The report of the sub-committee on penal reform was released this week following public hearings, invited submissions and fact-finding trips to Irish prisons as well abroad to observe the penal estate in Finland. The sub-committee, established in 2011 with the brief of analysing the report of the Thornton Hall Project Review Group, is chaired by David Stanton, TD, and looked at broader issues of back-door strategies of early release, as well as the ‘pernicious’ issue of over-crowding throughout the Irish system.
Five clear recommendations were put forward:
- Reduce prison numbers by one-third over a 10-year period
- Commute prison sentences of less than six months
- Increase standard remission from one-quarter to one-third and introduce a incentivised remission scheme of up to one-half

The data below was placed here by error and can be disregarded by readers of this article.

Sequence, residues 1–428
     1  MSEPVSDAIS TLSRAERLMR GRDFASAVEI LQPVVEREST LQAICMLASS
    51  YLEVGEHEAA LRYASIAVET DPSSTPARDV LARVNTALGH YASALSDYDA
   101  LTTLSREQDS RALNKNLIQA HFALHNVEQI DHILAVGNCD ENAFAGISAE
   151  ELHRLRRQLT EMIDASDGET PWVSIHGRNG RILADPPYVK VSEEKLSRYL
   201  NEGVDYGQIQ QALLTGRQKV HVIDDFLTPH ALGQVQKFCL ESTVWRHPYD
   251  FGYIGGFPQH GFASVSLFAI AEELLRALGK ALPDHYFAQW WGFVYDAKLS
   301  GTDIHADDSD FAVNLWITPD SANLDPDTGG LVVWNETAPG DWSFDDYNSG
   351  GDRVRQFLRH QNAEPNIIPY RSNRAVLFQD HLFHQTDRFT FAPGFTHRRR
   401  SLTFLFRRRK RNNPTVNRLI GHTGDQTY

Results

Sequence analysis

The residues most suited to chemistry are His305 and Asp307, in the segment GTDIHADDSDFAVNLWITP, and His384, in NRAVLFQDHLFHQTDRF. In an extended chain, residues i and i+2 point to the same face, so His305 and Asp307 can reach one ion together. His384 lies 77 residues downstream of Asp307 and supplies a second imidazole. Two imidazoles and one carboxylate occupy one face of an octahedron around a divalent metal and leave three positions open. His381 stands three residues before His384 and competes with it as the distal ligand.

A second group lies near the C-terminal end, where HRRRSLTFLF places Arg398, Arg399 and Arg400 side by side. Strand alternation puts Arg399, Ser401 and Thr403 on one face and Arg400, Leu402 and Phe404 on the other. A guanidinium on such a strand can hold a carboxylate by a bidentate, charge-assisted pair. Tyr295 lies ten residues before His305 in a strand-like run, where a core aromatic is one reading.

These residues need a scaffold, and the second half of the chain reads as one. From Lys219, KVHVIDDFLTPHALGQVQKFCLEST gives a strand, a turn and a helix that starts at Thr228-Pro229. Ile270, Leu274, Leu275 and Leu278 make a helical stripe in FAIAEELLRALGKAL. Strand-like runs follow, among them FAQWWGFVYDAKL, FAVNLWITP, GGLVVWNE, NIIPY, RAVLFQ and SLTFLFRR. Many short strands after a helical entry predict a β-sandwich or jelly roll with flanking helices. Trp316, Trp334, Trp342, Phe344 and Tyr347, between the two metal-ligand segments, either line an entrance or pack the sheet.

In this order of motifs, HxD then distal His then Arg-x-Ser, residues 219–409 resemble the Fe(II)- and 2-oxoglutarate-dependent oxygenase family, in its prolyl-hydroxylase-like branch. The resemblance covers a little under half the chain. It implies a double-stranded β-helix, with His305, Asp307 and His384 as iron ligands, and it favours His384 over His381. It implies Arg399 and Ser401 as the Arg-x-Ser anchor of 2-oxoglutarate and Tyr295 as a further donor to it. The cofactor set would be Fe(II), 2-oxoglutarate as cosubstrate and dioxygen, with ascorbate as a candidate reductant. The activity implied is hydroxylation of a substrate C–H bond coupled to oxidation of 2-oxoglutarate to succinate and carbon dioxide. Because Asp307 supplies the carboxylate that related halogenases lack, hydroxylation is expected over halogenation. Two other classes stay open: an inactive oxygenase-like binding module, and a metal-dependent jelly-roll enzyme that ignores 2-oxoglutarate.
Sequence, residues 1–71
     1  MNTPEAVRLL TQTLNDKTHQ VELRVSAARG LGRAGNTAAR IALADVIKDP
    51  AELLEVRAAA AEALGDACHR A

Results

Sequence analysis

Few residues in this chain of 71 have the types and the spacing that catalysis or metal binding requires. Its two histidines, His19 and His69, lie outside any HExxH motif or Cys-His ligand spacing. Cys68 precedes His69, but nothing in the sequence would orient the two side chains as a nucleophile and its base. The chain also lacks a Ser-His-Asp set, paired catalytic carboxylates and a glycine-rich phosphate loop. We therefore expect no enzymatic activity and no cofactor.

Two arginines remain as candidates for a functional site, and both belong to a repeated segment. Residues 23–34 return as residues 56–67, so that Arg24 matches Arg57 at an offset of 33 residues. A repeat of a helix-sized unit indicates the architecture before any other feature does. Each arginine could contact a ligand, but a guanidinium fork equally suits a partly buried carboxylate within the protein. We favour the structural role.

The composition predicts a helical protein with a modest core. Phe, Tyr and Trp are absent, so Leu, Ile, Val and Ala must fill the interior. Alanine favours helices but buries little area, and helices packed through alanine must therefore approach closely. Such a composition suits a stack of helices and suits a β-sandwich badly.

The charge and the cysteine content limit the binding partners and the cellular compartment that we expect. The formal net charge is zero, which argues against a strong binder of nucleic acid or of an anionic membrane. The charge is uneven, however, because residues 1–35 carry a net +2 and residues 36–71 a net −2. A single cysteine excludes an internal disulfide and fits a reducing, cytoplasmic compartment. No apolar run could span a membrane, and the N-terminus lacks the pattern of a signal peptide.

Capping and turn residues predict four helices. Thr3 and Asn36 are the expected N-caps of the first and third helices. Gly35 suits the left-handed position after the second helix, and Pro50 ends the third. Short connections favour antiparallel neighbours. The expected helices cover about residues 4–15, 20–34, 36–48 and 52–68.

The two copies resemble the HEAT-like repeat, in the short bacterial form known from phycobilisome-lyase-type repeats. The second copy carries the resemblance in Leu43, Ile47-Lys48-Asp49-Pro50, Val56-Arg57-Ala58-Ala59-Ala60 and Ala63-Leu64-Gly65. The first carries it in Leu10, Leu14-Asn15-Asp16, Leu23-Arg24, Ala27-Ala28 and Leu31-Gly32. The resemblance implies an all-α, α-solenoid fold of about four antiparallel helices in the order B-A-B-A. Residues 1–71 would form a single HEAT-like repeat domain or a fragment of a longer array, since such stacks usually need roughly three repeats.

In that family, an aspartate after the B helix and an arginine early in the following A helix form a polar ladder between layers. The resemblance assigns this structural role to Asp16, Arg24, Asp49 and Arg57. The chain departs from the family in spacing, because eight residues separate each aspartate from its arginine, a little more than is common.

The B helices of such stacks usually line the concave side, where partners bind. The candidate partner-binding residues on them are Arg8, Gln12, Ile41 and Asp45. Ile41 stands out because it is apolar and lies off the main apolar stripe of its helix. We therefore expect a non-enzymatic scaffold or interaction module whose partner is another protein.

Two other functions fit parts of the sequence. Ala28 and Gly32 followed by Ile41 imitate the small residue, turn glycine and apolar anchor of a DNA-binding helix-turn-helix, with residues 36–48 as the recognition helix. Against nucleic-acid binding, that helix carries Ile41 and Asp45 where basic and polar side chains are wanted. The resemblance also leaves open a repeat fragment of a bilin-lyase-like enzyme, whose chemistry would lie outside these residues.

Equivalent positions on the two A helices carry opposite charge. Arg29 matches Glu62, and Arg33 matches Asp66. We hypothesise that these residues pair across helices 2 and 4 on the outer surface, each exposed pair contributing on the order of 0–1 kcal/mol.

- Introduce legislation providing for structured release, temporary release, parole and community return
- Address prison conditions and over-crowding; and increase the use of open prisons
Overall, a comprehensive ‘decarceration’ strategy has been proposed, to be implemented and to effect a real improvement within a time-frame of 10 years.
Liam Herrick, of the Irish Penal Reform Trust (IPRT), welcomed the cross-party approach to penal reform, which provides hope for the future of a radically de-politicised criminal just policy. He also cautioned against the creeping expansionism currently evident, and argued that while new accommodation was preferable, it must be also be considered that unsuitable places of detention should be closed.
Read the IPRT response here.
In the media:
Dearbhail McDonald in the Irish Independent
Ruadhan Mac Cormaic in the Irish Times
Senator Ivana Bacik writes of her role in the report and outlines the key recommendations in the Irish Independent.
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